Airblue Flight 202
|Date||28 July 2010|
|Summary||Controlled flight into terrain due to pilot error|
|Site||Margalla Hills, Pakistan
|Aircraft type||Airbus A321-231|
|Flight origin||Jinnah International Airport, Karachi, Pakistan|
|Destination||Benazir Bhutto International Airport, Islamabad, Pakistan|
Airblue Flight 202 was a scheduled domestic passenger flight which crashed on 28 July 2010 near Islamabad, the capital of Pakistan, killing all 146 passengers and six crew on board. It is the deadliest air accident to occur in Pakistan to date. The aircraft, an Airblue operated Airbus A321-231 narrow-body jet airliner, crashed in the Margalla Hills north of Islamabad during a flight from Karachi's Jinnah International Airport to Benazir Bhutto International Airport. Air traffic controllers reportedly lost contact with the flight crew during its attempt to land in dense fog and heavy monsoon rain.
The accident was the first fatal crash involving an Airbus A321, a long variant of the Airbus A320 family of short to medium range airliners. Based in Islamabad, Airblue is Pakistan's second largest airline, with over 30% share of the domestic market. At the time of the accident the airline operated seven aircraft, all in the A320 family.
The aircraft that crashed was an Airbus A321-231, registered AP-BJB, manufacturer's serial number 1218, which was built in 2000. This was the first fatal crash for the A321, and the second hull-loss of the type. The aircraft had originally been delivered to Aero Lloyd and used by Aero Flight before being taken up by Airblue in 2006. It had accumulated approximately 34,000 flight hours in some 13,500 flights.
The flight left Karachi at 07:50 local time (01:50 UTC). Initial reports suggested that flight controllers at Benazir Bhutto International Airport lost contact with the aircraft at 09:43 local time (03:43 UTC)  after they delayed its landing 13 minutes earlier. It was reported that the poor weather had forced controllers to divert another aircraft attempting to land 30 minutes before the crash.
The aircraft approached Islamabad from the southeast, following a procedure that required it to fly toward the airport until making visual contact. It was then to have flown around the airport to the east and north, keeping within a distance of 5 nmi (9.3 km), until lining up with runway 12, which faces toward the southeast. The aircraft crashed in the mountains outside the 5 nmi (9.3 km) radius, approximately 8 nmi (15 km) north of the airport, facing almost due west, before it could line up with runway 12 for final approach.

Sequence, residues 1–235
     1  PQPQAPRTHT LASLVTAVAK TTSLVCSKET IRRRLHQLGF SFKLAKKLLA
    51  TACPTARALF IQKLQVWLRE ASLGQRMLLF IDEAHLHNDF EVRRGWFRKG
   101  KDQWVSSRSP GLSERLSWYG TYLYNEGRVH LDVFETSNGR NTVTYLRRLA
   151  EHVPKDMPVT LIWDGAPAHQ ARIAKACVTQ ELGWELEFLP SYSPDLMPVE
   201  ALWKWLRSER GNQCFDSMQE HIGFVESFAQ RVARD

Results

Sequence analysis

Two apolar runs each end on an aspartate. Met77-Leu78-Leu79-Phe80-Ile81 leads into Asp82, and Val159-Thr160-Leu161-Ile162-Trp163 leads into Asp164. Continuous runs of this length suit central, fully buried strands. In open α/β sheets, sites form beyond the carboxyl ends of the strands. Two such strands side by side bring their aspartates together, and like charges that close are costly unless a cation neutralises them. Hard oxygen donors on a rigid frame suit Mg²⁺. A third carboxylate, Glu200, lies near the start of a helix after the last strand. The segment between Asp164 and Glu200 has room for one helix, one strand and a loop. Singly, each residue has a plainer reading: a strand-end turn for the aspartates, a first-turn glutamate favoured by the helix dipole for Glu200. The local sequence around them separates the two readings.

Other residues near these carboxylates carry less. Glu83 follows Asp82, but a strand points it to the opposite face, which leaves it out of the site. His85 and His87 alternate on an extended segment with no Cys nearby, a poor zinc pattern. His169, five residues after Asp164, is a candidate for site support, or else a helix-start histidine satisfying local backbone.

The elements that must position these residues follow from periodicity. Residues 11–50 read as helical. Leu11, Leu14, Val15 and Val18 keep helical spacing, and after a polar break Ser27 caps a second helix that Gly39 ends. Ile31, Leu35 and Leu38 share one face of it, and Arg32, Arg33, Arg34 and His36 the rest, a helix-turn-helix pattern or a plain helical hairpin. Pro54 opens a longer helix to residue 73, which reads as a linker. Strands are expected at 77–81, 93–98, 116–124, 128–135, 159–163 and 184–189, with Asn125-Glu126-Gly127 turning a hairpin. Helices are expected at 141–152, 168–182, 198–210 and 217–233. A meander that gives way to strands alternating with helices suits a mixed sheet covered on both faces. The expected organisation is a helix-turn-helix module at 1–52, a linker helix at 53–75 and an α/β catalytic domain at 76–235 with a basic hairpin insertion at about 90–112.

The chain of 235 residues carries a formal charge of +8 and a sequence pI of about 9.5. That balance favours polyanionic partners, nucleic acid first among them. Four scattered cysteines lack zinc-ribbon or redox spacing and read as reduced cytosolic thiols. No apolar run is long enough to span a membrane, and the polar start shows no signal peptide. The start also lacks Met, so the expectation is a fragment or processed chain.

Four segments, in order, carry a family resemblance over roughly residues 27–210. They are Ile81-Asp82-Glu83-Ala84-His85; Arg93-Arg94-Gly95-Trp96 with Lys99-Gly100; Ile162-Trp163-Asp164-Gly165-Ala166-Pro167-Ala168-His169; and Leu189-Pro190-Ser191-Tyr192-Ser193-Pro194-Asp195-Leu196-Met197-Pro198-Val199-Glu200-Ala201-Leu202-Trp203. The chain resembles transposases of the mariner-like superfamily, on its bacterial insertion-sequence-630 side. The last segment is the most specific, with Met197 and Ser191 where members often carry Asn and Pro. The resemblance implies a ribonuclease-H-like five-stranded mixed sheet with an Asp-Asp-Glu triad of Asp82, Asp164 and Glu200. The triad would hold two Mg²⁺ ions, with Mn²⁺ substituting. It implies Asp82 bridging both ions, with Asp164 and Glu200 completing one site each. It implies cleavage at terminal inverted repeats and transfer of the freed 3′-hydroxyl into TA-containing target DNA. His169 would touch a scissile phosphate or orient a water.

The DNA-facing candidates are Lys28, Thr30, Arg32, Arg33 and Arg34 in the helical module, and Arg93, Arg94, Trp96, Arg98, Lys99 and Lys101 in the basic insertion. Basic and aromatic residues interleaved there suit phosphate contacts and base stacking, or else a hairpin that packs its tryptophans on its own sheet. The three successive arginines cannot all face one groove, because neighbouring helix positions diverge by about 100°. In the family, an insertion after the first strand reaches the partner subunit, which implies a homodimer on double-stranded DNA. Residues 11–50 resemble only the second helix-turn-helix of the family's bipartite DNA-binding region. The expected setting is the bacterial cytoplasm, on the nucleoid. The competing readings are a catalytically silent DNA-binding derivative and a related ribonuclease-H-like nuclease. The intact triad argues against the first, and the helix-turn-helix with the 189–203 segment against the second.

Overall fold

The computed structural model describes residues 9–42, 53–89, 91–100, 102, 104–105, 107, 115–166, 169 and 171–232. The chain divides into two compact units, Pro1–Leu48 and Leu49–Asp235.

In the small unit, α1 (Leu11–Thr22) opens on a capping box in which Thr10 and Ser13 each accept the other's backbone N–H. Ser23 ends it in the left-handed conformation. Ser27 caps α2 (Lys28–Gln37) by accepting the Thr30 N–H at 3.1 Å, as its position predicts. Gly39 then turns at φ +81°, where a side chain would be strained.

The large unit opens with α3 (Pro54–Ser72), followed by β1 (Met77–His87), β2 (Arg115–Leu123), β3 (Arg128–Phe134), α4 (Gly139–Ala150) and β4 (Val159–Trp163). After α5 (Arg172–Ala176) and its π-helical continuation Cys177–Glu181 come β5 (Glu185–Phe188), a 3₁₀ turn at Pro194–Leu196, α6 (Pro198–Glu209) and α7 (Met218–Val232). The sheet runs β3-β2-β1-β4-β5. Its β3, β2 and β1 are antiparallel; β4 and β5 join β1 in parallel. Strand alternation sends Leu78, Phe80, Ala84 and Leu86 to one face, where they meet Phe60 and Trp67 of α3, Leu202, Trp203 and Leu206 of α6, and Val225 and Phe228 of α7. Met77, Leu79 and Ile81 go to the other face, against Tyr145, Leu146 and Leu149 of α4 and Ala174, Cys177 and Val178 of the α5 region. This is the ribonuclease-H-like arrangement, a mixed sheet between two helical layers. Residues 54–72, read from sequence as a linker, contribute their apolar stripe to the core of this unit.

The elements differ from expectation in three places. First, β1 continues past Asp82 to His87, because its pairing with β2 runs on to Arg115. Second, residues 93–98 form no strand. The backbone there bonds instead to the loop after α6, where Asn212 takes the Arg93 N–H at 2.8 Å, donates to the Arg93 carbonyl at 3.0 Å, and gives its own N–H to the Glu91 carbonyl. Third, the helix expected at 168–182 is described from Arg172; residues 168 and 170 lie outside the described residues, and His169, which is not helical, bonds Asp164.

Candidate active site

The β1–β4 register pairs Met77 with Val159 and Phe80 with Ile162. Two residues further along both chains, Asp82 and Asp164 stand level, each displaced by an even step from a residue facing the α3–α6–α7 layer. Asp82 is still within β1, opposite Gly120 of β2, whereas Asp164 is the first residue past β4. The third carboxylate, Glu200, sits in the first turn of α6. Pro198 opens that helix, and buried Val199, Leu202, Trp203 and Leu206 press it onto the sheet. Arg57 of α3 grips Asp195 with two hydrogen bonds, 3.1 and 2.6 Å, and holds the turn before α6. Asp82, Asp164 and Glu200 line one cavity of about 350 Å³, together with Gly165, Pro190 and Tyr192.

While the BBC reported that officials stated that "there was nothing in conversations between the pilot and the Islamabad control tower that suggests anything was wrong", The New York Times gave an account of communications between the aircraft and the ground that indicated otherwise. The newspaper claimed that the pilots were warned that they were flying away from the runway, to which the pilot responded “I can see”. The controller then told the flight crew to “immediately turn left, Margalla [Hills] are ahead”, before the pilot again replied “we can see it”. Multiple EGPWS "TERRAIN AHEAD" warnings were recorded on the Cockpit Voice Recorder starting 40 seconds before the crash. The first officer was also heard requesting to the captain "Sir turn left, Pull Up Sir. Sir pull Up." This was the first controlled flight into terrain accident since 2002, when all planes with more than six passengers became required to have an advanced terrain awareness warning system.
An airline official stated that the pilots did not send any emergency signals prior to the crash. Pakistani Interior Minister Rehman Malik stated that the plane was at 2,600 feet (790 m) as it approached Islamabad but went back up to 3,000 feet (910 m) before eventually crashing. The altitude of 2,600 feet (790 m) was above the safe minimum descent altitude (2,510 feet (770 m) above sea level, or 852 feet (260 m) above ground level) had the aircraft remained within the 5 nmi (9.3 km) radius of the airport.
One witness on the ground, who was out walking, stated that "the plane had lost balance, and then we saw it going down". Others described the plane as being lower than it should have been. "I wondered why the plane wasn't flying higher as it was flying towards the hill", one stated. "Then within three or four minutes I heard a loud explosion". Another said that "it was raining. I saw the plane flying very low from the window of my office". Imran Abbasi told The New York Times that he "could tell it was trouble because it stayed so low even though the mountains were up ahead". He stated that the jet was "flying as low as a four-story building". It was reported that Mr. Abbasi said that "as the aircraft started to turn, the right side of its front banged into the highest mountain, emitting an instant billow of blue fire and black smoke".